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Old 05-20-2016, 08:07 AM   #1
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My battery & charging upgrades

We've always had problems lasting more than a few days and then charging the normal dealer installed Interstate Dual Purpose group 24 battery with the generator became a 2x/day chore until we went home. At home, it's plugged in 24/7 so it's always fully charged when we leave for the next trip.

I've been on a mission to upgrade my electrical system to extend our dry camping time. We camp in the woods a lot so solar wouldn't be the "best" option for us and we have a pair of Champion 2K invertor genny's with parallel kit to use as needed.

With this knowledge, I've changed over to a pair of 6v GC batt's (230AH total), so I've almost tripled my battery capacity. I've replaced the factory generic 55A WFCO charger with a 75A Powermax Boondocker (PM4B-75 MBA) and, almost as important, I replaced all of the crappy crimped on ring connectors that the factory put on with proper tinned battery lugs because 3 of the 4 that I've replaced so far I've been able to pull off the end of the wire with my pliers ... meaning they had a very poor connection for charging!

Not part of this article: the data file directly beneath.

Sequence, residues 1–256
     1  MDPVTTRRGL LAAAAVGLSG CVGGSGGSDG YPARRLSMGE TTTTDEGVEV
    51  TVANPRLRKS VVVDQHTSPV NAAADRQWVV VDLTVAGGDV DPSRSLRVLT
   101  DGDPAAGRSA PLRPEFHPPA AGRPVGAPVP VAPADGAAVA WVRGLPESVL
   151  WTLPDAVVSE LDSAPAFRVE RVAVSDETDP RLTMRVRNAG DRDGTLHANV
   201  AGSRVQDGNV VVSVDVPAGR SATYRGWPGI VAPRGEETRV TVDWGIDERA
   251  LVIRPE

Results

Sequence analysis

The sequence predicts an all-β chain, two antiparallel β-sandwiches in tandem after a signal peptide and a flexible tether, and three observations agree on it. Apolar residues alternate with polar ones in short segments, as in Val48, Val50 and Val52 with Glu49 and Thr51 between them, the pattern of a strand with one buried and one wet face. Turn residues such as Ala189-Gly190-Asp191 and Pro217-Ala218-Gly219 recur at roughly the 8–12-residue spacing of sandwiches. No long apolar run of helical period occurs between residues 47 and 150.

BTW: all lights are LED, we have no inverter (so no 120VAC things) and we try to be very conscious of the power we use.

What do y'all think?
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Old 05-20-2016, 09:30 AM   #2
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Your upgrades will work out just fine, that will be a huge improvement for boon docking.

Congrats and Happy Camp'n !
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Old 05-20-2016, 09:38 AM   #3
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Where in relation to your batteries is your new converter installed?
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Old 05-20-2016, 09:41 AM   #4
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I have done the very same things. One other item that you may consider, check your Fridge to make sure you don't the version with an always on heater. It was recommended to me to do an easy mod to allow that to be disconnected and save power
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Old 05-20-2016, 09:41 AM   #5